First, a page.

Conducting Market Research on Sensitive Topics
Market research, like research in general, is used for various reasons. Sometimes to uncover purchase behavior of consumers, other times to determine employee satisfaction within a company. Most of the time respondents have no problem completing a survey and giving their honest opinions, but on occasion there are studies that make respondents uncomfortable, possibly unwilling to participate. So what happens when research strikes a nerve?
Socially sensitive research can be defined as “studies in which there are potential consequences or implications, either directly for the participants in the research or for the class of individuals represented by the research.” When respondents are concerned that there may be consequences because of their honest answers, they may choose to not participate, which is not good for the researcher.
Assuring study participants that all of their responses will be completely anonymous and their identity will never be shared is important when researching delicate issues. Employee satisfaction surveys may be one of those studies where participants are reluctant to answer honestly, or at all, for fear that their employer may find out their identity and issue some form of punishment, possibly loss of job. As researchers, it is our job to ensure that the employee’s identity is never revealed and that results are presented in a way that does not allow the employer to identify anyone.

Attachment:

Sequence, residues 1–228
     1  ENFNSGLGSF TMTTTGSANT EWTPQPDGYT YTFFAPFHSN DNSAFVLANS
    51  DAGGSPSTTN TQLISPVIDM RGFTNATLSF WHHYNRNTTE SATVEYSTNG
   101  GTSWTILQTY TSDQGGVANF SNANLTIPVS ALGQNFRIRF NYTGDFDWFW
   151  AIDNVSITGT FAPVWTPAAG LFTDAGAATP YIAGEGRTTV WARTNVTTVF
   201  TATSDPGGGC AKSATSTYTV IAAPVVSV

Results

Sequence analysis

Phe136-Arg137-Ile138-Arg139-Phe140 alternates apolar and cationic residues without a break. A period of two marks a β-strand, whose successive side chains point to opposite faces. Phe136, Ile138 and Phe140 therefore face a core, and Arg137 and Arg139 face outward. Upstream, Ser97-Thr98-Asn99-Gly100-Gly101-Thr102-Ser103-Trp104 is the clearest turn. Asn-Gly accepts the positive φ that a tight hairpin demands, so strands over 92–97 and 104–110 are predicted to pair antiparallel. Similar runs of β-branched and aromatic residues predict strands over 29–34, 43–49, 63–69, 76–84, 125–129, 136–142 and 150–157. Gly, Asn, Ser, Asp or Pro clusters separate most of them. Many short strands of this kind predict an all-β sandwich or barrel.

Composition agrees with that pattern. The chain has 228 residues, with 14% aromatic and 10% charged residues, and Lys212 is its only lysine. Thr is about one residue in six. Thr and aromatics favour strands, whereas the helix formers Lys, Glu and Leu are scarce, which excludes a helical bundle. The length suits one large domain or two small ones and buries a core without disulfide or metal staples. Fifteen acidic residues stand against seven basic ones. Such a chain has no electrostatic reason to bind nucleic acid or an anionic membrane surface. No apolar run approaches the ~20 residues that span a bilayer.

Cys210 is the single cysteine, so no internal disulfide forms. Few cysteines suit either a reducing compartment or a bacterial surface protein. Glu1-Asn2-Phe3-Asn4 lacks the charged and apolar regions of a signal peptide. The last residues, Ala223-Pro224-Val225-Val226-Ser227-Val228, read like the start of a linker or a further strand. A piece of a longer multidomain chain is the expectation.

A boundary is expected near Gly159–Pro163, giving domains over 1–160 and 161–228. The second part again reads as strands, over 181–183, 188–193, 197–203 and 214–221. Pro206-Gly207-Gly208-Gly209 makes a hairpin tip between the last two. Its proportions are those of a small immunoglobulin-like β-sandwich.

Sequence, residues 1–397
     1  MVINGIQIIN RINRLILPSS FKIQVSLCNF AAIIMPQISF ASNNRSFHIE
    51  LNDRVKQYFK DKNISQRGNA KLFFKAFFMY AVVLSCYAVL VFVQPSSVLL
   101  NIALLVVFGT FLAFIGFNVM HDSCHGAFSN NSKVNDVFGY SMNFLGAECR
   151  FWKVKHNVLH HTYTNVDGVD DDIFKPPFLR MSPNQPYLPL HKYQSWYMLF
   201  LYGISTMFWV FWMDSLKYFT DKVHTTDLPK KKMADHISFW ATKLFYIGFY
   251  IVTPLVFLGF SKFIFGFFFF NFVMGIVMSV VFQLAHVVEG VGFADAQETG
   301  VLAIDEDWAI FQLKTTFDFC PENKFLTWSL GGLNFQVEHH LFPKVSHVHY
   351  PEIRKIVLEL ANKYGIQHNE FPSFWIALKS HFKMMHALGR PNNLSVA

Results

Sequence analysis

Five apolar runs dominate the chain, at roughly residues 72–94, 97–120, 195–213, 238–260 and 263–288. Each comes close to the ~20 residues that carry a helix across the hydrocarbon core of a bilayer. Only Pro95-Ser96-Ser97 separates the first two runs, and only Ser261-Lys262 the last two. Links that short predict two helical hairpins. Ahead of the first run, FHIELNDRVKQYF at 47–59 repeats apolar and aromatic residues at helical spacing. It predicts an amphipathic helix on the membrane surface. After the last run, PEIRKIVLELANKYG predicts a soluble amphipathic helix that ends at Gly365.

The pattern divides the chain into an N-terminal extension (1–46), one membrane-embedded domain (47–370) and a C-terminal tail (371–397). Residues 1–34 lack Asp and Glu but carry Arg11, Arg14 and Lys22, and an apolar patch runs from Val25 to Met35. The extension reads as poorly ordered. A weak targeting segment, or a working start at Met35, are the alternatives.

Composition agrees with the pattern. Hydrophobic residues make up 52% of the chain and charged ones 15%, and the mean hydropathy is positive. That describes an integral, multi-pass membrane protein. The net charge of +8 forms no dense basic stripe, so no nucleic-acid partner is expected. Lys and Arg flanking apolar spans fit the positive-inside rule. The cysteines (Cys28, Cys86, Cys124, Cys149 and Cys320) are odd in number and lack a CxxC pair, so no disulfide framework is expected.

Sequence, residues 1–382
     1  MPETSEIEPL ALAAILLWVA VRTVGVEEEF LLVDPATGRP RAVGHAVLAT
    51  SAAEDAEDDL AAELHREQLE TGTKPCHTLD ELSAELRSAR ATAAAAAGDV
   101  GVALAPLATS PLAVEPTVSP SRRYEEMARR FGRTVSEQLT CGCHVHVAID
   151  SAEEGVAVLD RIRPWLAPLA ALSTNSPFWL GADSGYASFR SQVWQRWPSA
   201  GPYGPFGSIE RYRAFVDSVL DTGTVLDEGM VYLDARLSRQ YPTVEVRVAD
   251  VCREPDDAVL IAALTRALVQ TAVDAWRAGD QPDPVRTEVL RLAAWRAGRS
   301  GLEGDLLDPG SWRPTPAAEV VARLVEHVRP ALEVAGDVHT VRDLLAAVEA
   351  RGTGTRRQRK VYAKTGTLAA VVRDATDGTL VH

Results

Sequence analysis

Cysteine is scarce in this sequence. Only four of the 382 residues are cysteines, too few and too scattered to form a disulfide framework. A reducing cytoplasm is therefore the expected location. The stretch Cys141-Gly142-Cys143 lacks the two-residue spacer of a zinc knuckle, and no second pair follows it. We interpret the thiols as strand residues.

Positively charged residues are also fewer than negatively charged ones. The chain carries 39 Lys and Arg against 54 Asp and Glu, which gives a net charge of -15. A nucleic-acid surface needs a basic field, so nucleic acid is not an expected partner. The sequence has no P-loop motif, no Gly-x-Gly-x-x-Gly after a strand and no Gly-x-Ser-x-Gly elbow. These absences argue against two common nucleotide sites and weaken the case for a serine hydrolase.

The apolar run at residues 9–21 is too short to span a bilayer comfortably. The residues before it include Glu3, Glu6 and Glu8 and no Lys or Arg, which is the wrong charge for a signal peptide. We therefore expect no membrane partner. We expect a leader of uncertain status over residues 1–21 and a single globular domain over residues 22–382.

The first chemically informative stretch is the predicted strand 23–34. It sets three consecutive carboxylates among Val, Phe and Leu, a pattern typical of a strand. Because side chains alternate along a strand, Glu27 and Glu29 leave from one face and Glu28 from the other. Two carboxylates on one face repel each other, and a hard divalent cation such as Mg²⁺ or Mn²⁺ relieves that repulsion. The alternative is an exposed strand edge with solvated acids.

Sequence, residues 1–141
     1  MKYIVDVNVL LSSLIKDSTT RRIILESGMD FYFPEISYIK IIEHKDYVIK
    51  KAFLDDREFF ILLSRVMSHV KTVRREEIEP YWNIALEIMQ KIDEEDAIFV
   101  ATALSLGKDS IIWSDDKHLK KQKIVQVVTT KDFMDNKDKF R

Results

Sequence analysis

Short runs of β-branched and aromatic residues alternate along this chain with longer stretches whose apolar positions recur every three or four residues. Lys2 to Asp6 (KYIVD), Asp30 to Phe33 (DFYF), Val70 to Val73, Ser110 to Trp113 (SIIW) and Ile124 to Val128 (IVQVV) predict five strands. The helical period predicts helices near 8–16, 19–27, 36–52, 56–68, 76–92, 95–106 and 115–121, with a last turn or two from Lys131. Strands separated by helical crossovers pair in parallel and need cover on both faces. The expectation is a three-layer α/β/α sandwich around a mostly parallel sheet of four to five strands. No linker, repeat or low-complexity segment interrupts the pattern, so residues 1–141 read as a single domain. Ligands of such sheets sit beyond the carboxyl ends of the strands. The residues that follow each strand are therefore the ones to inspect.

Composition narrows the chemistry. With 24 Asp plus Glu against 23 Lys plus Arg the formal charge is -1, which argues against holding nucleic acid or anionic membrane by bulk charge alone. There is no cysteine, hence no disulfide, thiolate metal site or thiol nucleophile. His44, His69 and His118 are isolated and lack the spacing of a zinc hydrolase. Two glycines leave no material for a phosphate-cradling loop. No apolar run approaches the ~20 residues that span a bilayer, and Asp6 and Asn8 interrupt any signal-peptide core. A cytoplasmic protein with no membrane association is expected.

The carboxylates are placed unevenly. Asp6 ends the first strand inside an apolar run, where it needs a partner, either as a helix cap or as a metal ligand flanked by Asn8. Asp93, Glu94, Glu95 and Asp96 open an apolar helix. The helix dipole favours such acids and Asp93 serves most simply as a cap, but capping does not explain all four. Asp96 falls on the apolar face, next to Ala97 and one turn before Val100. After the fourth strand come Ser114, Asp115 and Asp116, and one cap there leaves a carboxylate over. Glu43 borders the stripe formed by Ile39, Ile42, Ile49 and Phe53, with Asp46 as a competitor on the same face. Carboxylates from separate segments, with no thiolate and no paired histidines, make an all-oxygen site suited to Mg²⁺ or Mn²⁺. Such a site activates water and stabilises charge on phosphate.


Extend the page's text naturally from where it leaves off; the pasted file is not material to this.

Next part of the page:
Some of the risks of sensitive research are:
- Loss of confidentiality regarding the identity of the survey participant
- Loss of confidentiality with the information given by survey participant
- Consequences from being identified as a survey participant
Medical research is another sensitive area where respondent privacy must be protected. Medical records contain some of the most intimate details of a person’s life. When someone is asked to disclose personal health information, they want to be certain that information will not be shared or used for any purpose other than the specific research study. Some companies have violated privacy by simply allowing the window of an envelope containing personal medical information to display more than just the patient’s address. Imagine having a sensitive condition, like HIV, and anyone seeing your mail is able to see this in the window of the envelope? A careless printing mistake has now become a HIPAA violation.
Stacy Martinez, Project Manager